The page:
Scott Toler believes it's possible to find inner peace in a world gripped by fear.
ith the recent fatalities from attacks in Europe, the tendency to adopt a fearful view of life might become an issue. Letting fear grow as a companion to daily life seems paralyzing. However, reminding ourselves of certain abiding values holds a lot of merit.
We value the freedom to speak our minds in appropriate ways. This gives us the latitude to agree or disagree with others and to engage in public debate. It includes the freedom of speaking and acting in ways that reflect our genuine selves.
Something else we have always valued is freedom of the press. This freedom fits with our origins of wanting to live by Constitutional guidelines instead of authoritative decrees. The press reports what it thinks happened and we, as citizens, decide the individual validity of these stories on a personal basis.
Freedom of religion took root as an important value in our country many years ago. It allows us to worship and to express our faith in ways that our hearts find acceptable. It provides refuge and shelter against any possible sanctions that seek to curtail liberties in this area.
The freedom of lawful assembly flourishes here. We engage in groups and associations that we feel enhance our public and private lives. This includes gatherings that express a belief or a set of opinions.
These freedoms only respond to fear if we allow it to happen. In fact, they stand as the antidote to any fear provoked by those with destructive agendas. We need to remind ourselves of these free traditions, born out of a desire that people live without fear.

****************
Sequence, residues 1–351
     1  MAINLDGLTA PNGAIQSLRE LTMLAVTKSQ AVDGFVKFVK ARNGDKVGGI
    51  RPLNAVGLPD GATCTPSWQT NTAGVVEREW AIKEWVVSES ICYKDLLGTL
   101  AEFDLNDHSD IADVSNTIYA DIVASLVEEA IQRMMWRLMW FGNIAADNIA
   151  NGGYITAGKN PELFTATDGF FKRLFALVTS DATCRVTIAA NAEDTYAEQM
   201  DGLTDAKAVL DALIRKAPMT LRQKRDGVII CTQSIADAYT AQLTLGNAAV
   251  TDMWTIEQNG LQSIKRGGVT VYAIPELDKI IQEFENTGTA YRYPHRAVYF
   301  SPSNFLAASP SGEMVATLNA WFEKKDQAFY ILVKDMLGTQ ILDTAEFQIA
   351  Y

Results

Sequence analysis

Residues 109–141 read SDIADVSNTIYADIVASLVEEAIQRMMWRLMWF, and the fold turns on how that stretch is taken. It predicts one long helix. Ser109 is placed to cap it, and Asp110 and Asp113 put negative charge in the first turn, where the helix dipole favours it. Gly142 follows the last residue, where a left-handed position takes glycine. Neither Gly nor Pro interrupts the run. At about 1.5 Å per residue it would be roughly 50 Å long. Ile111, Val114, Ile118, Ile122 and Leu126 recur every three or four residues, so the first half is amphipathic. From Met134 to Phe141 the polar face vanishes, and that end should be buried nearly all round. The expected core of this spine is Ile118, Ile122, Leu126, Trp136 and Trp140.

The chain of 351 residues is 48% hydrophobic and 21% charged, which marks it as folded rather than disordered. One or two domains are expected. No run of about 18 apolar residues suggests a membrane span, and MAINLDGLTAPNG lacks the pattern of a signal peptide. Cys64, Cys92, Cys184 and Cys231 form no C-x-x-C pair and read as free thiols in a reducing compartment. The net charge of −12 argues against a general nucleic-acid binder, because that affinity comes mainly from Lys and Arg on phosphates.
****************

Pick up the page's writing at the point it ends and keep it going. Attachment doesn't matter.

Focusing on this reassuring heritage also applies to our inner lives. The act of diminishing fear provides a peace that many seem to crave. Inner peace leads to order in our thinking, balanced perspectives on outer events and efficacious personal actions.
Our history stands as an affirmation that millions of people have lived and are living in an open society that promotes the kind of freedom which banishes fear. Our responsibility lies in reaffirming our commitment to shaping and communicating these values in the face of those who wish to relegate them to secondary status.
We have met and survived these kinds of challenges to our society before in history. The Civil War and the Great Depression stand as two examples. Just as we need other people to play important roles in our lives, we may need others who share our values to help us overcome the situations that have played a bigger role in our national lives since September 11, 2001.
The freedoms we share will help us to overcome these challenges, too.
Scott Toler is a Licensed Mental Health Counselor and writer living in Plant City. He may be reached at firstname.lastname@example.org.